Reading this article (by Eric Lippert), it has four arguments as to why you should use sealed, however, I don't understand why we actually need it. Philosophical/aesthetic reasons aside, why do we need to use sealed?

I can see how things like readonly from C# or const from C++ actually catch genuine errors. Is there any type of error that sealed can catch?

An often cited reason for sealing a class is because, it hasn't been to designed to be extended. What does that mean? Why is it important? Are there any real examples of this?

The point on compatibility isn't a reason why we need to seal classes but why it should be default.

The final point again is strange, because sealing your class doesn't prevent someone providing an alternative implementation in a heirachy.


If I didn't put enough emphasis, on it already I'm looking for reasons we actually need it. Not the usual, "someone else might write bad code". I understand that plenty of people like using sealed for design intent, but I'm looking for a practical purpose beyond that.

  • The explicit purpose is to prevent a class from being inherited. If I make a class Car that inherits from class Giraffe I'm saying that cars are giraffes and that may have implications the writer of Giraffe never coded for resulting in system instability. I'm not saying someone can't offer an alternative implementation, they just can't paste it over an existing one that wasn't designed to account for that.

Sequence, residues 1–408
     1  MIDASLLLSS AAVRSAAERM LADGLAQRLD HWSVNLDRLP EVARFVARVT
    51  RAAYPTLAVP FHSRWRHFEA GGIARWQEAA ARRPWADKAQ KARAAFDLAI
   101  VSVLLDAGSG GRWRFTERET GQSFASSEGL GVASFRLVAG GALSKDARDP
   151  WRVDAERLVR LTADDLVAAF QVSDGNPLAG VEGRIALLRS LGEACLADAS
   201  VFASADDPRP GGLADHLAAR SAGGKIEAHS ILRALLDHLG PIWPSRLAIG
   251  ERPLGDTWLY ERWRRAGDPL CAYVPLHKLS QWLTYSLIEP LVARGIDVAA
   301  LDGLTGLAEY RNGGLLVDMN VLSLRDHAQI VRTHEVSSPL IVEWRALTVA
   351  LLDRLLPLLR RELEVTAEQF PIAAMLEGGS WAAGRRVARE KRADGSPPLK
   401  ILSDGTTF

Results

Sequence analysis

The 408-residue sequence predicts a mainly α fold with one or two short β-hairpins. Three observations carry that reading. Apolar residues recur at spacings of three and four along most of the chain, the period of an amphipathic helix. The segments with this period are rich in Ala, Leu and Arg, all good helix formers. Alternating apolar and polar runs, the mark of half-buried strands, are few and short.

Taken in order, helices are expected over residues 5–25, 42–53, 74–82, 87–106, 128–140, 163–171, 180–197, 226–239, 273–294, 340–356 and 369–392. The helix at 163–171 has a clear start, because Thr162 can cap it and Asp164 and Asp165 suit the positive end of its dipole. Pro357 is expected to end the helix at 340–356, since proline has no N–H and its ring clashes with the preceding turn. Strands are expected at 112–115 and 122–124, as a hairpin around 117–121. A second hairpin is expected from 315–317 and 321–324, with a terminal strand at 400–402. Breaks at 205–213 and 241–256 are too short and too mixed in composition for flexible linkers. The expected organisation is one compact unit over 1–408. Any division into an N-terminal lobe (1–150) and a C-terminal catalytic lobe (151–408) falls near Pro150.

– Kevin
    Jan 9, 2014 at 21:19
  • 1
    Related How can designing for inheritance cause extra cost
    – user40980
    Jan 9, 2014 at 21:20
  • 1
    Are you able to write a C# program without using it? If so, you don't 'need' to use it. Jan 9, 2014 at 22:50
  • Eric thinks from the point of view of a library developer. If a change to a library breaks a consumer, the library author can't make that change anymore. So it's useful to restrict a consumer from using it in a way that you're not willing to support. Restricting the consumer increases the flexibility of the library developer. Jan 10, 2014 at 12:46
  • Not every language feature is something that you need. Sometimes, they're just nice to have, offering a syntactic or semantic alternative to a solution that might be more cumbersome.
    – KChaloux
    Jan 10, 2014 at 14:11

2 Answers 2


What does that mean?

It means that it is difficult for people to obey the Liskov Substitution Principle (or less likely, the Open Closed Principle) with the class as is. It has subtle, or difficult to enforce behavior that inheritors are likely to screw up. Or they're not likely to screw up, but the impact of screwing them up is huge.

The final point again is strange, because sealing your class doesn't prevent someone providing an alternative implementation.

Sure it does. If some method takes object A or some other class uses type A, by having A sealed, people cannot override it with B and then pass B into the method or use it in the class. Consumers of A can see it's sealed and know that A is the only behavior they're getting.

All that said, we don't need sealed - just like we don't need readonly. They are tools to help programmers prevent misuse, because misuse leads to bugs. Though personally, I dislike sealed; even in these days where composition over inheritence is well known, it is rare that you can say "nobody will ever need to extend this" and actually be right.


Reading around I've found a few things, a bit less abstract than LSP violations (although they could be considered to be):

  • An immutable type which is subclassed may become mutable (bad for multi-threading, etc)
  • Polymorphic equality, you can then guarantee that the types are the same and not just equivalent.

Sealing classes also offers some Runtime/Reflection performance improvements

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